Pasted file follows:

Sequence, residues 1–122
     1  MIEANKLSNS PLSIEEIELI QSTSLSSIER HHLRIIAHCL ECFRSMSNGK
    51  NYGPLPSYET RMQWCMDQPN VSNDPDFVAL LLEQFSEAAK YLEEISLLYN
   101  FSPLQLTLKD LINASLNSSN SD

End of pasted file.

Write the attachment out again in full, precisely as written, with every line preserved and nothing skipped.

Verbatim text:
Sequence, residues 1–122
     1  MIEANKLSNS PLSIEEIELI QSTSLSSIER HHLRIIAHCL ECFRSMSNGK
    51  NYGPLPSYET RMQWCMDQPN VSNDPDFVAL LLEQFSEAAK YLEEISLLYN
   101  FSPLQLTLKD LINASLNSSN SD